This year’s session of the National People’s Congress takes on added significance with the impending anointment of the next generation of senior leaders. China would seem to have many reasons to be self-satisfied given the strong prospects for a “soft landing”, a mountain of foreign assets that Europe is eager to tap, and an expanding regional presence that the US has had to take notice of.
Yet the leadership recognises that the country faces daunting economic, social and environmental challenges including vulnerabilities created by past excessive credit expansion. Wen Jiabao, China’s premier, warned on Monday that growth is set to slow this year.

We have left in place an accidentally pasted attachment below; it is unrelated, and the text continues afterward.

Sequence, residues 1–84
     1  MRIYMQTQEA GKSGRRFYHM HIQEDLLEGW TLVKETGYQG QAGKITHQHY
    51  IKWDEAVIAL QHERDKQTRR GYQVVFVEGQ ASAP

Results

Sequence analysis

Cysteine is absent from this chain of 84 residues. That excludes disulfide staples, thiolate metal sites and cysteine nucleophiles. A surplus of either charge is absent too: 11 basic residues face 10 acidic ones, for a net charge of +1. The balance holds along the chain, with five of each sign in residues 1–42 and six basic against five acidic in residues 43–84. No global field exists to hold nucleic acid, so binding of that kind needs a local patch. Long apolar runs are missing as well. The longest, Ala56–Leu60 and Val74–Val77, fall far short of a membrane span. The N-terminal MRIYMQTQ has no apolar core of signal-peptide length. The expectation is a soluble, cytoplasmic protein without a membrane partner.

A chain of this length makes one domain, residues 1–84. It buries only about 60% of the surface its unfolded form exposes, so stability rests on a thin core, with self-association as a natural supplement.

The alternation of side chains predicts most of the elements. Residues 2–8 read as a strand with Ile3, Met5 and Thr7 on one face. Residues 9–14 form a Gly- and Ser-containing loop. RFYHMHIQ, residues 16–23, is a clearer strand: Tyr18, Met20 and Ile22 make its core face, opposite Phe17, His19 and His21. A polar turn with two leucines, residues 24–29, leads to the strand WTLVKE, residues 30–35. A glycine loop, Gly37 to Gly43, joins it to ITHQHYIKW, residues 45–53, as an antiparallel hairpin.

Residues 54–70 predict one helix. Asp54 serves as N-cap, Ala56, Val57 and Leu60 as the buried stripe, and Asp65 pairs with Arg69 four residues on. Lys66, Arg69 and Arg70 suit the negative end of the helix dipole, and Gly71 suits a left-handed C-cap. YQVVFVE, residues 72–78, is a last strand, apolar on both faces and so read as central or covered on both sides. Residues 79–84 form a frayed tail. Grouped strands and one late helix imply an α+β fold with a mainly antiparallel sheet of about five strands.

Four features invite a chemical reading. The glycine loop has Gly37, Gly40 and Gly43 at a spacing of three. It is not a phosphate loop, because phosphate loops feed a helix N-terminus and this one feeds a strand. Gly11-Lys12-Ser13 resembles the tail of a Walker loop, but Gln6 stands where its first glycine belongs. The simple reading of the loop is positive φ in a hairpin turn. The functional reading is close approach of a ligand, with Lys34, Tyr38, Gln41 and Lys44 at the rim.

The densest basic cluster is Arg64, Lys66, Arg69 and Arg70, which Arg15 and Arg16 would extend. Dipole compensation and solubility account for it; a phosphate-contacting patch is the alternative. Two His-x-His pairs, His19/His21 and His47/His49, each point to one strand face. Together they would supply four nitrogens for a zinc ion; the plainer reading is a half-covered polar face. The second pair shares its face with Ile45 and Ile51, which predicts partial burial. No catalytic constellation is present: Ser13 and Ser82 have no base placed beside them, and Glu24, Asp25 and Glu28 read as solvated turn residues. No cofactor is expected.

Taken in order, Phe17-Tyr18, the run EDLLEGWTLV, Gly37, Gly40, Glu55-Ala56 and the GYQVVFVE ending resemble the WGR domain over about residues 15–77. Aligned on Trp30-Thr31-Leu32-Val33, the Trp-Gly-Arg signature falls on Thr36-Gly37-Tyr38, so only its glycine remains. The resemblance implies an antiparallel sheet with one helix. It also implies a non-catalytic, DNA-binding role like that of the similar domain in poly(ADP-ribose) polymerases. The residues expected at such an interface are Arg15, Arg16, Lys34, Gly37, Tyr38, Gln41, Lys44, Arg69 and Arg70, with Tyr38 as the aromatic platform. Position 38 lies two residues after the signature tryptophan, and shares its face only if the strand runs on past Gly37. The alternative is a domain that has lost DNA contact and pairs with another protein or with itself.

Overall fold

But these are likely to be seen as technicalities among those gathered in Beijing. Far more worrisome for the political elite is the question of how to deal with rising social unrest. This was underscored by the global attention given to the Wukan village land-related protests that pushed provincial leaders to support more open local elections. Other disturbances such as recent unrest by migrant workers at Foxconn reflect the tensions stemming from decades of widening social inequality that seems out of place for a regime that originated from egalitarian ideals.
If the incoming senior leadership wants to deal with the systemic issues that have spawned rising social unrest, it needs to rethink some of the unintended consequences of its current growth driven model. Paramount is to reshape China’s economic institutions and control over basic resources in ways that moderate, rather than exacerbate, disparities. Read more